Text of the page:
Red relates to the base chakra. This chakra relates to physical identity, oriented to self-preservation. Located at the base of the spine, this chakra forms our foundation. It represents the element earth, and is therefore related to our survival instincts, and to our sense of grounding and connection to our bodies and the physical plane. Ideally this chakra brings us health, prosperity, security, and dynamic presence.


Yellow is the brightest colour in our visible spectrum, it is cheerful and sunny.

In colour therapy yellow was thought to stimulate the nervous system, purify the body and speed our metabolism.

Although yellow is considered a happy colour, people are more likely to lose their temper in a yellow room and babies have been shown to cry more in rooms painted yellow.

Yellow is a very high energy colour, of all the colours it reflects the most light and therefore can be hard on our eyes. Yellow paper or backgrounds on computer monitors can lead to eyestrain and vision loss in extreme cases.

Although yellow is not recommended in large doses, it is a mentally stimulating colour. Yellow can activate memory and communication. Note pads and post-its are often yellow for this reason.

In Egypt yellow is the colour of mourning, and in England in the Middle Ages actors dressed in yellow to symbolise the dead.

On it’s darker side yellow has been used to convey cowardice and deceit. This is usually represented with a darker or greenish yellow. In contradiction, yellow in Japan represents courage.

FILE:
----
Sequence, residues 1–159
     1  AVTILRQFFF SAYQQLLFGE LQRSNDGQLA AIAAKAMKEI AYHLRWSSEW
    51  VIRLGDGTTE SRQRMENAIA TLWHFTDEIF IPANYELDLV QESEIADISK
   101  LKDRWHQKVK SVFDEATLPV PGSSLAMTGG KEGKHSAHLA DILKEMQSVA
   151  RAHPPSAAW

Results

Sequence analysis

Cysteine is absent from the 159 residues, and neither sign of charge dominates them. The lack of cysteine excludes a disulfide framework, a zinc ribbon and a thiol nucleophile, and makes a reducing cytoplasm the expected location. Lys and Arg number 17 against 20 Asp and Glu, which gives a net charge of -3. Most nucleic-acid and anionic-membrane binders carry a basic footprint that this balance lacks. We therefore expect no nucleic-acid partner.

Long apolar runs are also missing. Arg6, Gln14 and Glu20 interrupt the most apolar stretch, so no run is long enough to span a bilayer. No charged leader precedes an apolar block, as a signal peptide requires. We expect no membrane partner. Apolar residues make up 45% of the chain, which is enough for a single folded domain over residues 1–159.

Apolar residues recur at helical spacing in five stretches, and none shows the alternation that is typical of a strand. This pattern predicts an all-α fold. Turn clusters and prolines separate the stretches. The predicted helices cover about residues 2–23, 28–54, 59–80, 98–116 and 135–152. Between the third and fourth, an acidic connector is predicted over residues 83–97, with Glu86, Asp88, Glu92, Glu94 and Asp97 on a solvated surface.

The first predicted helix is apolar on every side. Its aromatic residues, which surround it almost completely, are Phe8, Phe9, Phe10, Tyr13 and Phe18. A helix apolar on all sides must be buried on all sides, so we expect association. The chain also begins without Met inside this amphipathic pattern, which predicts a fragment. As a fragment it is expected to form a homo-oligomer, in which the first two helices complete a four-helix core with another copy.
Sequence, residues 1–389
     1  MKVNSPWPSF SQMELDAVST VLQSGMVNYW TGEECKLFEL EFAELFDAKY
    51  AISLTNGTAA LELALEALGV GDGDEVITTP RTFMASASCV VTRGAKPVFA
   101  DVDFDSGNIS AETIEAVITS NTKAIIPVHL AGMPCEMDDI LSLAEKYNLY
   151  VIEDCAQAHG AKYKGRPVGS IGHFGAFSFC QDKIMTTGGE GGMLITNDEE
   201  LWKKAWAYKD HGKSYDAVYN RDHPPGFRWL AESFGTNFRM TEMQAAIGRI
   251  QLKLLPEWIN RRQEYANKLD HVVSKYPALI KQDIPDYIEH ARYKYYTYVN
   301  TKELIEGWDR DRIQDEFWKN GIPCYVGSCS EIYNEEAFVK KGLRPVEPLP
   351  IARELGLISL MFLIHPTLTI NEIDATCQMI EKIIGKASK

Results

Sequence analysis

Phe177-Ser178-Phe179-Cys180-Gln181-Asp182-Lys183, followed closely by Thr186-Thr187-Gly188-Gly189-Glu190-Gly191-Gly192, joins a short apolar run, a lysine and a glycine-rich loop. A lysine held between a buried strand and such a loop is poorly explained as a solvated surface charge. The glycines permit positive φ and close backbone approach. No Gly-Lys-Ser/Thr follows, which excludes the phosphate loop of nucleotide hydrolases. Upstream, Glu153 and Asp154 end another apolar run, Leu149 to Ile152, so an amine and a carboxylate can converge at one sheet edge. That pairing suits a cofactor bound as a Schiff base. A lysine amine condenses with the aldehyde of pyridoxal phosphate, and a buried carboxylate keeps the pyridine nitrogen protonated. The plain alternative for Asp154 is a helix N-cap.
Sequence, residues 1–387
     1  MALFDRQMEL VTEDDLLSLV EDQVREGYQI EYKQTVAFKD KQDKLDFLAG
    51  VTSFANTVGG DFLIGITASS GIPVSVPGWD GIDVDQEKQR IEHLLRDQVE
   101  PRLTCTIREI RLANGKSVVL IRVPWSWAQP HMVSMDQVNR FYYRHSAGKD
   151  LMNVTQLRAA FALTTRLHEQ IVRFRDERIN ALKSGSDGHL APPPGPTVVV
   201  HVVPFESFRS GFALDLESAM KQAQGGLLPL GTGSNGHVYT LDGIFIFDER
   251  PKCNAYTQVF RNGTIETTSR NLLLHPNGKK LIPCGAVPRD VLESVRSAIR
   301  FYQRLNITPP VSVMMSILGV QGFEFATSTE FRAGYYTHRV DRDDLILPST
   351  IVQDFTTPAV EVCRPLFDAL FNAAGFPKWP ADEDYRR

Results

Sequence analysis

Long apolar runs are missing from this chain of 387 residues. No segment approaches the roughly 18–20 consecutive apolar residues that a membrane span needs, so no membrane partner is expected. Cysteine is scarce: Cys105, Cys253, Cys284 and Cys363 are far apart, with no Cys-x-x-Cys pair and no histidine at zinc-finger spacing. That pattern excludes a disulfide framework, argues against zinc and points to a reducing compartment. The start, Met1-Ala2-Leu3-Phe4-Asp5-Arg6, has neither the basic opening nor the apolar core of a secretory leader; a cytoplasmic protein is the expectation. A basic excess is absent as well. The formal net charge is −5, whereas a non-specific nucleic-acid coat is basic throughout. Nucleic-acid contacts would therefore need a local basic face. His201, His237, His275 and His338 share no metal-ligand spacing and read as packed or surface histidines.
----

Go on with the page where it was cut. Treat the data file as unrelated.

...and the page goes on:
Yellow relates to our Solar Plexus Chakra. This chakra is known as the power chakra and is our ego identity oriented to self-definition. It is located midway between the navel and the base of the sternum.

It represents the element fire an it rules our personal power, will and autonomy, as well as our metabolism. When healthy, this chakra brings us energy, effectiveness, spontaneity, and non-dominating power.

Yellow shines with optimism, enlightenment, and happiness. Shades of golden yellow carry the promise of a positive future. Yellow advances from surrounding colours and instils optimism and energy, as well as sparking creative thoughts.


Our third favourite colour, purple, is a rich and vibrant colour full of tradition and meaning.

Purple is historically a symbol of power. Purple dyes, before today’s mass manufacturing, were laborious and expensive to produce. This meant only the very rich and powerful could afford them and as a result purple came to represent royalty, luxury, wealth and power.

Purple togas were worn by the all powerful Roman Emperors and became the signature colour of the Ceasars. In medieval Europe it was the colour of royalty and could, by law, only be worn by the royal family. Even today, the Queen of England is most often seen in purple clothing.

Purple is used extensively in religion to mark important people or events. Christians use purple to represent Advent and Lent. In Tibet purple amethysts were sacred to Buddha. In Tudor Britain, violet was the colour of mourning, as well as the colour of religious fervour.

Purple is also considered a romantic colour. It is considered feminine and sophisticated. It has also been used to represent spirituality and wisdom. In fantasy wizards and witches are often depicted wearing purple.